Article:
Linden fifth-graders deliver the ‘mail’

Intra-school mail program teaches Linden students responsibilty, leadership and more

Fifth-graders at Linden’s School No. 5 sort and deliver intra-school mail as part of a new program to learn about being responsible and being active role models for younger students. Everyone in the school is encouraged to write letters about varuious topics or just about whatever comes to mind, and the fifth-graders sort and deliver all the correspondence. Some students even write appreciative letters to faculty members, who in turn respond using the in-school mail system.
Fifth-graders at Linden’s School No. 5 sort and deliver intra-school mail as part of a new program to learn about being responsible and being active role models for younger students. Everyone in the school is encouraged to write letters about varuious topics or just about whatever comes to mind, and the fifth-graders sort and deliver all the correspondence. Some students even write appreciative letters to faculty members, who in turn respond using the in-school mail system.

LINDEN, NJ — Fifth-graders at Linden School No. 5 are getting a taste of what it’s like to be classroom leaders, and post office employees, through this year’s Wee Deliver system, a novel take on what it means to be a role model in school.

Students who act responsibly, in and out of the classroom, become part of the “K-Kids” group that organizes the Wee Deliver system, in which students of all grade levels write letters to their peers around Linden School No. 5.

“The Wee Deliver is a program the school made up so we could send letters to our classmates, and other people we don’t really see on a regular basis in the school,” said Kristian Olivares, one of the fifth-graders in the K-Kids program. “We could send letters saying what we did over the weekend, or if we’re doing a good job in class.”

The program is a good way to keep in teach with friends and siblings — one student’s eyes “light up” when she receives a letter from her older brother — encourage the students to improve their writing skills, and give the K-Kids some measure of responsibility, as they’re the ones who deliver the letters to various classrooms.

Anyone can send mail by placing it in the large, wooden mailbox stationed prominently in one of the school’s hallways, but students also participate in monthly, school-wide writing events for which they pen letters. These range from the creative, such as a prompt asking the students to write about fictional spiders, to the curricular, like this month’s subject of black history month.

“The letter writing is cross curricular, so it ties into our literacy program writing, as well. For instance, the students have to write about a famous African-American to tie into Black History Month and social science,” said Roxy Suggs, the teacher who came up with the Wee Deliver program.

Another idea Suggs had was to re-name the hallways, to encourage students and make delivery easier.
“All of the street names are based on our good character traits or a theme that we’re working with that ties into our student of the month. Themes like ‘do your best,’ ‘Friendship St.,’ ‘trustworthiness.’”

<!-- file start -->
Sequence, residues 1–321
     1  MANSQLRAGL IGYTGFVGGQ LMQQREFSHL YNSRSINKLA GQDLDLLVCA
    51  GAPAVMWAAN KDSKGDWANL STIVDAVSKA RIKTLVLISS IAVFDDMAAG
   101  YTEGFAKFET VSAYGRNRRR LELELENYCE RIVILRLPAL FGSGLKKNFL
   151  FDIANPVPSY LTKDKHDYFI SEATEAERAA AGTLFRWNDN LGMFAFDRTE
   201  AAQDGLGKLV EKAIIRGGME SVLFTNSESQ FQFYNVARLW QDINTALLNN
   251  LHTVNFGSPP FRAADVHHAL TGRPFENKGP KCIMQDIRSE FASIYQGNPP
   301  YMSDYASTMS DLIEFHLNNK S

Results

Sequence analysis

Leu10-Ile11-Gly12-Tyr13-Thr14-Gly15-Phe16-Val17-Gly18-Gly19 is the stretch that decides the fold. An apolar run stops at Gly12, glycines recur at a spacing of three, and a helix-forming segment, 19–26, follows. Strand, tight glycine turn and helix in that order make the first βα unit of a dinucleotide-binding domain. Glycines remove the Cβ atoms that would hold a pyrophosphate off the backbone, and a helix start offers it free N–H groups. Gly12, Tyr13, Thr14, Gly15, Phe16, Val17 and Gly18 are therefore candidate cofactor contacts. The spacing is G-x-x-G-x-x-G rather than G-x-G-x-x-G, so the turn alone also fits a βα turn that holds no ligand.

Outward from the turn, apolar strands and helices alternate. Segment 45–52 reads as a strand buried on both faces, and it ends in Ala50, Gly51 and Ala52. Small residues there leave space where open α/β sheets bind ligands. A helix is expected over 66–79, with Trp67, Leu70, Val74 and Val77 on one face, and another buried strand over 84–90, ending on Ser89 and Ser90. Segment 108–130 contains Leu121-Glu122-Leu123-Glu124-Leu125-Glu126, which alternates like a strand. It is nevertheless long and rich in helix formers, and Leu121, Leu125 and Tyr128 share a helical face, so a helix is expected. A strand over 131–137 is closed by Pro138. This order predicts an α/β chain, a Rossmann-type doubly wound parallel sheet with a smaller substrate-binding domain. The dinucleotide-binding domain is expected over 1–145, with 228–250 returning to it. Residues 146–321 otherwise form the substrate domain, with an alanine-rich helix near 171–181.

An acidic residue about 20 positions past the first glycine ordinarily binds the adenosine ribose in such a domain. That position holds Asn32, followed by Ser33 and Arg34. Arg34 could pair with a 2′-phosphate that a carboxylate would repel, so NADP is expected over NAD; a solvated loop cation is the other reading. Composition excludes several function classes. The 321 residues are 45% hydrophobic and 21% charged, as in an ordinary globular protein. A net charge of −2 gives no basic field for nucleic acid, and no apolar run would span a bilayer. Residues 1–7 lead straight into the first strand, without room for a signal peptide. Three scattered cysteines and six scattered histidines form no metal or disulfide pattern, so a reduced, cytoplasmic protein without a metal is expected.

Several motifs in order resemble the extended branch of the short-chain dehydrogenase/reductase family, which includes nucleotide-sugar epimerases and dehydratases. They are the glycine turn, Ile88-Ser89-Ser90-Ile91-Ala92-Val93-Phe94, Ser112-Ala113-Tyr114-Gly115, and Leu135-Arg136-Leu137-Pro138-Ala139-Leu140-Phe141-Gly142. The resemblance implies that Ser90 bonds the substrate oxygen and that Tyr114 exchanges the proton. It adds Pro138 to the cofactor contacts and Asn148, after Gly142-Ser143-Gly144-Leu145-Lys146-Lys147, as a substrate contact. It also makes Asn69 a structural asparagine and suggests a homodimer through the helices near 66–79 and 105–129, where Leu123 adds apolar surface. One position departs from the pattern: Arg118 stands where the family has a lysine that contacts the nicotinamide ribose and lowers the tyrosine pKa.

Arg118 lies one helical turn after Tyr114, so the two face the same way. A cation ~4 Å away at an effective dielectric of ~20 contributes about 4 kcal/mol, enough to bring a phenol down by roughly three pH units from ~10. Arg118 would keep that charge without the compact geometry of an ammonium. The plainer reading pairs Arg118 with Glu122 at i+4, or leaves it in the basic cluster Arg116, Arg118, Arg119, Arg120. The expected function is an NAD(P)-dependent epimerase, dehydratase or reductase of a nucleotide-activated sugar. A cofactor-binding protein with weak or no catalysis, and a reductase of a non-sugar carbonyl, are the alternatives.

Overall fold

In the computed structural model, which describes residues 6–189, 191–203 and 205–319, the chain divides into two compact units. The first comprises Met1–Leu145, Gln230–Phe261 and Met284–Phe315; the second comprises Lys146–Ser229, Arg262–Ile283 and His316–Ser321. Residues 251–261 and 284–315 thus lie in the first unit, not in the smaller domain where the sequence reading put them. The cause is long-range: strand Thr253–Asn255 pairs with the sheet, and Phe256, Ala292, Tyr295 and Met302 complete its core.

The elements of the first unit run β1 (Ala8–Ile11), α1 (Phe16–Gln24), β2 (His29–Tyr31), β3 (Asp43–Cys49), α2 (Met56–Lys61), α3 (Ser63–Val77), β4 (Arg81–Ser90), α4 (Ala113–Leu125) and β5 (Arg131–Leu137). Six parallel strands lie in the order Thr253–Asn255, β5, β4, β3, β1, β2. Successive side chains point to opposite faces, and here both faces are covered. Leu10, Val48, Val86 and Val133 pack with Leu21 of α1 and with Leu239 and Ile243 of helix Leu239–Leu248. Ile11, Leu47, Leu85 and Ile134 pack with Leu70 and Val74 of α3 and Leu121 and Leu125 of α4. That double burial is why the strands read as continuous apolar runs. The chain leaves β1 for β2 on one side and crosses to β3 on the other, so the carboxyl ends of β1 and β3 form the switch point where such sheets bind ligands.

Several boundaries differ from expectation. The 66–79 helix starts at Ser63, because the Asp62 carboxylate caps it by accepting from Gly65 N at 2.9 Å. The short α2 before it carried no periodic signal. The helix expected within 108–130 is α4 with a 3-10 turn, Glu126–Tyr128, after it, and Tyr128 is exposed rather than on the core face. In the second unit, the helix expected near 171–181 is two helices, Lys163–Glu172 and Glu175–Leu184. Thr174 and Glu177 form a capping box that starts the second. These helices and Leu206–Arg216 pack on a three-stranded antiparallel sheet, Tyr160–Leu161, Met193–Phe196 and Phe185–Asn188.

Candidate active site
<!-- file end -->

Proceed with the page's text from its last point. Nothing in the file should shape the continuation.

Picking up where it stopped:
Delivering the letters, and being placed in the K-Kids program, represents a big responsibility for the fifth-graders, they said. The younger students look up to the the K-Kids, which puts them on their best behavior at all times.

“Every time we’re in the hallway, a little class walks by and our teacher always tells us ‘set examples, set examples,’ and we stand tall and all one behind another, not jump out of line and form our own,” said Michelle Henderson, one of the program’s fifth-graders. “They’re going to try to act like you because they’re younger, so you have to set an example.”

“I try to be a role model for the younger kids by walking in the hallways properly, saying please and thank you, using your manners,” added Olivares, emphasizing how important it was that he set an example. “That’s basically what I do.”

Teachers at Linden School No. 5 have incorporated Wee Deliver into their classes. During language arts and reading, for example, students can write letters to their peers in-between time spent at reading stations. If students write to teachers or other staff members, they pen letters back, encouraging the process.

The Linden Kiwanis are also involved, as each Kiwanis member sponsors a group of K-Kids in the district, including those running Wee Deliver at Linden School No. 5. But it’s really the kids who drive it all, says Suggs, by taking their role of responsibility and turning it into something special.

“Everybody is involved in this program. Staff members write back to the students who write them, so it’s an ongoing communication,” said Suggs. “But the students take this program and run with it. They’re the ones who take the letters, mail them and sort them.”

COMMENTS

One Response to "Linden fifth-graders deliver the ‘mail’"

  1. Dana Frazee   February 22, 2016 at 12:17 pm

    This is an idea that builds community, as well as, writing skills. Dana Frazee, Frazee Education Consulting, LLC